Meet Dr. MJ
We all experience defining moments: a point in life when you're urged to make a pivotal decision or when you experience something that fundamentally changes you. Not only do these moments define us, but they have a transformative effect on our perceptions and behaviors.
My defining moment occurred when I was 14.
I had announced to my mother that I had figured out what I wanted to be when I grew up. Supportively, she asked what I had decided. I told her, “Mom, I’m going to be a dentist”. She was a bit taken back by this announcement, as no one in our family was in dentistry and no one was even in medicine. In fact, being one of six children, we made a day of it when we all went to the dentist together! She thoughtfully asked “why” I wanted to be a dentist and I replied that I thought it would be a great way to help people. She then gave me the single, best piece of advice I have ever received: “Well, if you are going to go into dentistry, don’t you think you should find out more about it?” I soon found an after-school job working for an orthodontist in my home town and fell in love with the profession.
Two years later, as Junior in high school I had an appointment with my guidance counselor. He asked what I wanted to do once I was done with high school. Not everyone in my town went off to college, unlike today. And, most women just found a job until they could settle down and get married. That wasn’t an option for me as my dad had decided that ALL of his girls were going to go to college. My dad, was ahead of his time.
So, I went to my appointment with my guidance counselor and he asked the all-important question, “What do you want to do after high school?” I quickly responded, “I want to be a dentist”. He looked up from his papers and slowly put his hand on my arm, and said, “No dear, you want to be a hygienist”. I slowly pulled my arm away, looked him straight in the eye and said, “I know the difference between a hygienist and a dentist. I want to be the dentist.” Without hesitation, he looked down at his paperwork, looked back at me and looking me right in the eyes, said “You aren’t smart enough”.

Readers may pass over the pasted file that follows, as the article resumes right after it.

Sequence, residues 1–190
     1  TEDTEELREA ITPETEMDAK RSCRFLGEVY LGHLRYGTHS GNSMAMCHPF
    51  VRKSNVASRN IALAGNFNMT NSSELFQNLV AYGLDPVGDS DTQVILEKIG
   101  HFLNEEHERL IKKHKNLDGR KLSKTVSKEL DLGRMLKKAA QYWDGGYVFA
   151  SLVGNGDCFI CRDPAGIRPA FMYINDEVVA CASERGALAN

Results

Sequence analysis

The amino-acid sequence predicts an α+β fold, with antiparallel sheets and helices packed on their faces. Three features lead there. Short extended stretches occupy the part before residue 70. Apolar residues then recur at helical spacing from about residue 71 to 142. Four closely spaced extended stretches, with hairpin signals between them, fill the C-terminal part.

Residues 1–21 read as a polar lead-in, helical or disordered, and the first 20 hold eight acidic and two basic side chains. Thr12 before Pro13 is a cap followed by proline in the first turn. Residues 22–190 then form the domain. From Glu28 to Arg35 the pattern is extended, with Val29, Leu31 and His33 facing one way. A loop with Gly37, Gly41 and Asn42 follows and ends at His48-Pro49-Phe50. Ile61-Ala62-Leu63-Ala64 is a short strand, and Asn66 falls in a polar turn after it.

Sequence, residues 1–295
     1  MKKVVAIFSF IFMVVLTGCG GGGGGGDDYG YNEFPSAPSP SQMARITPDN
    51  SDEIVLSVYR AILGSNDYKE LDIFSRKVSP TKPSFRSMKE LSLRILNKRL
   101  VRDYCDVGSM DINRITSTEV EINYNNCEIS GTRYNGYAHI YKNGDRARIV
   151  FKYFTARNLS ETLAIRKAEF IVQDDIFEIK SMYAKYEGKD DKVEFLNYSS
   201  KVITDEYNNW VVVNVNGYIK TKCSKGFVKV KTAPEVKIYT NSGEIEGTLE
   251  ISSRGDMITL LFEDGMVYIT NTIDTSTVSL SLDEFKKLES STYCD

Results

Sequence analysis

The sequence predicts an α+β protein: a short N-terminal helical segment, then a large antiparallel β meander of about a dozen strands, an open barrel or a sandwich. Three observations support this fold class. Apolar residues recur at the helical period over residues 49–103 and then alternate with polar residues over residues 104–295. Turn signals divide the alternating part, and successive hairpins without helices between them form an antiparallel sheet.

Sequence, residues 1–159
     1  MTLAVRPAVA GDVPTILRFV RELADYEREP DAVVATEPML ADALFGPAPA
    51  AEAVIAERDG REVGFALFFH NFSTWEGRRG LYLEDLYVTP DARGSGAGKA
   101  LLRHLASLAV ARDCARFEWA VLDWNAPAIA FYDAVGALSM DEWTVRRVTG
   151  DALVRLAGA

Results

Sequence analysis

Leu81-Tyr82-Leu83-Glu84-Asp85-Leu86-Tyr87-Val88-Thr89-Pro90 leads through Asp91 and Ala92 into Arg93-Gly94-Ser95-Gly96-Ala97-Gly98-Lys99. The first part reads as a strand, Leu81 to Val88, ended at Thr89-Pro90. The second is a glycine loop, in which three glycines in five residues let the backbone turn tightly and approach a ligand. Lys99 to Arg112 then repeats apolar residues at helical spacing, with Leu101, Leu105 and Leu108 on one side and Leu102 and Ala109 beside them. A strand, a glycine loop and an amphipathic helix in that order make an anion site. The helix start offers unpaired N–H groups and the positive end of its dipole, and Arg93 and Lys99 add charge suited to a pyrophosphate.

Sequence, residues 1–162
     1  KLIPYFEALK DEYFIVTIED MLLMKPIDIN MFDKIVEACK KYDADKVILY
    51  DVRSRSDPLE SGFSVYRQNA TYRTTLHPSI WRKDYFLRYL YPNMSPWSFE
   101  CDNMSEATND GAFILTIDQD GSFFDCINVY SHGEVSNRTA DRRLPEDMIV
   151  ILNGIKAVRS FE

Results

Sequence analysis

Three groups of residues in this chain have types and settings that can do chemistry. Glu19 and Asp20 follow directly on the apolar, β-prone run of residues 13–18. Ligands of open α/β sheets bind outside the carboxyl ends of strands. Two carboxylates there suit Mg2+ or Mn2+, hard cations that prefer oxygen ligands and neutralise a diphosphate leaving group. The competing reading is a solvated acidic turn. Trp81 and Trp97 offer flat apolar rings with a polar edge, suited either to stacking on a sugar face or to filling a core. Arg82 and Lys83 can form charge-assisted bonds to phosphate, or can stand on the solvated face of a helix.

Quite honestly, I remember that event as if it happened yesterday. Right then and there, without hesitation, I decided that no one was ever going to tell me I couldn’t do something. EVER.
I could have chosen to believe him. I could have finished high school and decided that I just wasn’t smart enough. I had plenty of familiarity with that concept: I was never pretty enough; never skinny enough; never dressed the best. You know how it is when your thoughts control you instead of you controlling them. That one choice of being determined to become a dentist instead of listening to some BOZO call me stupid changed the entire trajectory of my life. I did become a dentist, grew a very successful practice from scratch, sold it for more than I expected and am now enjoying my retirement career as a senior dean at TUSDM.
We are not always aware of defining moments until we reflect back upon them. What if I had bought that bag of garbage he was handing me? I never gave up on my dream. EVER. When all of my classmates were done with college, I was still studying. Due to a lack of confidence in myself, I did become a hygienist first and practiced for 15 years. During that time, I married and had a family. I became restless and knew I had to reach for my dream. On my daughter’s first day of kindergarten, I entered dental school. I began my professional career as a dentist at 35.